What dazzling stories they are. They are driven by only one rule: There are no rules. The stand-alone comics section had to open with an eye-grabbing page, and often on it the Spirit logo was writ large, with action occurring all over it and shrunk small, as a tale was told in a noir style. But sometimes Eisner set the story as a children's storybook tale, sometimes as a classic nursery rhyme or a science fiction escapade or a Western fable, or a horror tale that began with a close-up image of an eye more akin to the work of Dario Argento than any of Eisner's comic-book art contemporaries.
There are those who must be given their due. Jerry Siegel and Joe Shuster created Superman, changing the world of comic books forever. Bob Kane and (just as importantly) writer Bill Finger created Batman, and several decades later Frank Miller reimagined him and re-created comic-book storytelling at the same time. At Fawcett, editor Wendell Crowley, artist C.C. Beck, and writer Otto Binder tackled new frontiers of storytelling with Captain Marvel, while at Quality, Eisner's Spirit and Cole's Plastic Man along with work by Fine and Powell, among others graced comic books with unique imaginations. EC comics matured the vocabulary as no other company had. Joe Simon and Jack Kirby reinvented the visual narrative a number of times, and then Kirby hooked up with Stan Lee (at the same time Steve Ditko and the gang were provided full front four support) to take comics to the next level at Marvel.
But Will Eisner and The Spirit drew the map that showed the way; they created the comic-book equivalent of Birth of a Nation and Citizen Kane, and nothing that came after was ever the same. In art, it really doesn't matter who was first but who was best, and Will Eisner stood alone.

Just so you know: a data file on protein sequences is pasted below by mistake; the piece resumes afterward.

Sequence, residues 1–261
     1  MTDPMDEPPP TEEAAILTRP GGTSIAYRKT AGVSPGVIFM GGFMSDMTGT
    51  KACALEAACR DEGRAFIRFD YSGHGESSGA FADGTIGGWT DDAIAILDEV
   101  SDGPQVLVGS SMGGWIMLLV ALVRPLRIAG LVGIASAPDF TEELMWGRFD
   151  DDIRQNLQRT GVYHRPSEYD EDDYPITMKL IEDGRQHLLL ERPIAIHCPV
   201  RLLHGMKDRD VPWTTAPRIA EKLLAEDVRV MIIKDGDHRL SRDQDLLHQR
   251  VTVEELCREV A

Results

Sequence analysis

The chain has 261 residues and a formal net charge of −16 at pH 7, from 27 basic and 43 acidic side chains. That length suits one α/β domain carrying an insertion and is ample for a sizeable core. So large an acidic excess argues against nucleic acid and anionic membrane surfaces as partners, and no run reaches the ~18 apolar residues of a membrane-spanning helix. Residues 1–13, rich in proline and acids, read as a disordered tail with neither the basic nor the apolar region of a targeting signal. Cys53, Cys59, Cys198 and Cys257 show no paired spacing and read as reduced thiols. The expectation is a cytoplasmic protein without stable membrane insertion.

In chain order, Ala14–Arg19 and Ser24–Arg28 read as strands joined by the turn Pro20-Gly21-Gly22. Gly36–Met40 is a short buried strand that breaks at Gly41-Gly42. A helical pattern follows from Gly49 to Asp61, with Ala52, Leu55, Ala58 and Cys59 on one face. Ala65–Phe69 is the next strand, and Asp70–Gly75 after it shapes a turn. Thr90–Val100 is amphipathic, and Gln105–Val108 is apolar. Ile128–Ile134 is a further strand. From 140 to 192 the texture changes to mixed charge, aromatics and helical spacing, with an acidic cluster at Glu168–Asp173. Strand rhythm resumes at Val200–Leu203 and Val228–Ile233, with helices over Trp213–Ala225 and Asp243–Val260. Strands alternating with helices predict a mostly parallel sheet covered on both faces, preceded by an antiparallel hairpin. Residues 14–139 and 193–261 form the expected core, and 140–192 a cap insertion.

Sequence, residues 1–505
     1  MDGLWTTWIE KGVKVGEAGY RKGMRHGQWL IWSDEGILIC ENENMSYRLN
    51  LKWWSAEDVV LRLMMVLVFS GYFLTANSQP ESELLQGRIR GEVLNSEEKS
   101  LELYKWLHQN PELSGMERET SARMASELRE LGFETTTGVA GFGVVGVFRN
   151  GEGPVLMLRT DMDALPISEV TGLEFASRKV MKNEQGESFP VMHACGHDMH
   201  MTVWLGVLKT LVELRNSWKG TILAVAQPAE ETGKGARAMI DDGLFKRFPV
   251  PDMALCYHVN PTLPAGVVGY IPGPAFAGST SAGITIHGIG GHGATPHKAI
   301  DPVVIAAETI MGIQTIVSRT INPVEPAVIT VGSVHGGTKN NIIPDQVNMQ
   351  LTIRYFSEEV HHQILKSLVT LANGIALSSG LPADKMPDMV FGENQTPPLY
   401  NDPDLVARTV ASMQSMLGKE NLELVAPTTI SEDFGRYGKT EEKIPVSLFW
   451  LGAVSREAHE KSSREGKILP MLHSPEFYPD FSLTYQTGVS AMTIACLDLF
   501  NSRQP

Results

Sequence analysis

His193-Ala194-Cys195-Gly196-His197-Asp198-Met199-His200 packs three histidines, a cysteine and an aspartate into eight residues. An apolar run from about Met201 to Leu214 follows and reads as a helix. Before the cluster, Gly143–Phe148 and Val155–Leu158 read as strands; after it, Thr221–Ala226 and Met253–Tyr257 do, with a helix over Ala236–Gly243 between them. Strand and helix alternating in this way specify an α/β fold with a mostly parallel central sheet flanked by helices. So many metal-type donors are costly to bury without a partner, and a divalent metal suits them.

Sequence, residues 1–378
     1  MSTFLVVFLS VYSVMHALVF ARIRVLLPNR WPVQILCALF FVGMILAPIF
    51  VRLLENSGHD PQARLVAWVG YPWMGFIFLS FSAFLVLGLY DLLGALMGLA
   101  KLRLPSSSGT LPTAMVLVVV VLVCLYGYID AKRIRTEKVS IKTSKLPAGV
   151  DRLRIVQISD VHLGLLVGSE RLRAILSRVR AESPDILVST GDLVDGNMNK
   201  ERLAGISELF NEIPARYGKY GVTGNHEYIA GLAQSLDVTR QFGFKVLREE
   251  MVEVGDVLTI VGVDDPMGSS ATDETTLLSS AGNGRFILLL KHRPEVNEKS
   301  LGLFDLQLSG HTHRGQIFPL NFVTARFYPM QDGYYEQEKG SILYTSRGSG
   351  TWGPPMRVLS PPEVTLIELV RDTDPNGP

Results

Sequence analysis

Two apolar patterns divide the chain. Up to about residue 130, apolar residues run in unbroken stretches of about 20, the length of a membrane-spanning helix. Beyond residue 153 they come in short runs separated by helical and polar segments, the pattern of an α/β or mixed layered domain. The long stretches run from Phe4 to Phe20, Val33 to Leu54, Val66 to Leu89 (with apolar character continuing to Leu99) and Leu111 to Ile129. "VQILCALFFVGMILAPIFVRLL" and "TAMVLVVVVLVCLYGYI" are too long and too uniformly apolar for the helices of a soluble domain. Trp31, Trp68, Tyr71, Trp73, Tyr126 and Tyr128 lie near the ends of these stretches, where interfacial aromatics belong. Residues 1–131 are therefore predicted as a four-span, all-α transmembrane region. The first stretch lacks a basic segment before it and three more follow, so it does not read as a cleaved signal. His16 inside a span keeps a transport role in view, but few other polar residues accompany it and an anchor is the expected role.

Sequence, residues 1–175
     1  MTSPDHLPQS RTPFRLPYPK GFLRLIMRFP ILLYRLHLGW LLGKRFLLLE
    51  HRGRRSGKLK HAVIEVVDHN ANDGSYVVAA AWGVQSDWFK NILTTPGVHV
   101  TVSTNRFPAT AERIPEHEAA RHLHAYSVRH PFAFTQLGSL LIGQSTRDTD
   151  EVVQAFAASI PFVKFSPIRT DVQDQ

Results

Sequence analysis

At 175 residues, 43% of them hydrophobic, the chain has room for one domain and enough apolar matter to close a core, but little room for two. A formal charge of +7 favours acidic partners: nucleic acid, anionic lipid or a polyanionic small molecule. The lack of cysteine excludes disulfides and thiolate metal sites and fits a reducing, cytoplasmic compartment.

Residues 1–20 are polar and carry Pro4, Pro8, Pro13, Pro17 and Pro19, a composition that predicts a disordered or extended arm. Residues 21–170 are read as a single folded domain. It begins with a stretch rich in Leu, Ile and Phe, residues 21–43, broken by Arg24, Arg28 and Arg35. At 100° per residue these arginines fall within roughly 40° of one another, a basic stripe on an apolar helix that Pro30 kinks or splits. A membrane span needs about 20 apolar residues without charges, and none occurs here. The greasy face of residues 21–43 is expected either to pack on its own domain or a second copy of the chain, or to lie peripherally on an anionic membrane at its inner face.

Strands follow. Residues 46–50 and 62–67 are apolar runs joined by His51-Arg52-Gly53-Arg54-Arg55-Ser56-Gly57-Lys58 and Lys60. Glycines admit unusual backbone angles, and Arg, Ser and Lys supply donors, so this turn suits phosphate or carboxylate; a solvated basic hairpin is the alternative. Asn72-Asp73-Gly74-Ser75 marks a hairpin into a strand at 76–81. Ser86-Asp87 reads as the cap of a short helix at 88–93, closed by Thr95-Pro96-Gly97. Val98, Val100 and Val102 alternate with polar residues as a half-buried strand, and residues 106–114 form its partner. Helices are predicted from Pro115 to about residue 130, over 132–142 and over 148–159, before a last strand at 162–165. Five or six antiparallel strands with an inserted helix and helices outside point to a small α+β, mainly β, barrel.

But, mostly, the work was fun. I first remember reading The Spirit in two 1966 reprints from Harvey comics: Stories about why even master criminals shouldn't cross a witch, about a talking cockroach, a flying plate, a boy who could fly who then grew into a man and was accidentally shot dead while showing the world he could fly, and about a weatherman not from Earth. Stories that evoked the fatalism of Edgar G. Ulmer's Detour, the idiosyncrasies of love like Joseph Lewis' Gun Crazy, and the sheer lunacy of Frank Tashlin, all while pushing the panel-storytelling conventions until they burst apart.
The Spirit features the most stunning women on the sexier side of Milton Caniff (those familiar with that terrain know just how limited an area it is). Eisner's creation was a true heir to the greats, to Winsor McKay's Little Nemo in Slumberland and the surreal George Herriman's Krazy Kat, and except for Jack Cole's Plastic Man, stands alone among his contemporaries.
"Art" is a word so often misused or used to marginalize people or condemn or separate. Here was truly great art in a comic book in the Sunday newspaper. Art of spirit and spiritual, of imagination and knowledge, of vision and love, art blessed by God's breath more than any religious ceremony I've ever attended.
The work has been reprinted again and again, by Warren comics (home to Creepy and Eerie), by Kitchen Sink Enterprises, and, most recently, a complete, multivolume reprinting of every Spirit ever in hardcover by DC Comics. I have nearly complete runs of all, as well as a few original editions: one from a Sunday, October 1946, Newark, N.J., Star-Ledger found at a flea market in Red Bank, N.J.; one from a Feb. 16, 1941 Philadelphia Record in a used bookstore in upstate New York.
In drunken frenzies at too many parties over the years, I've forced Spirit reprints on the uninitiated, people who should not live a day longer without knowing The Spirit (some of which were returned, some weren't). If you care about comic books, about great American art and great artists, if you believe that jazz and baseball are more important American contributions to the world than the assembly line and, maybe, even the Federalist Papers, read The Spirit. Eisner's graphic novels are great, but don't go there; they are, if anything, serious.
Read The Spirit. It is a comic book. It represents the best of this country and the best of people in seven- or eight-page stories. It changed my life. May it grace yours.
Thank you, Will Eisner, and goodbye.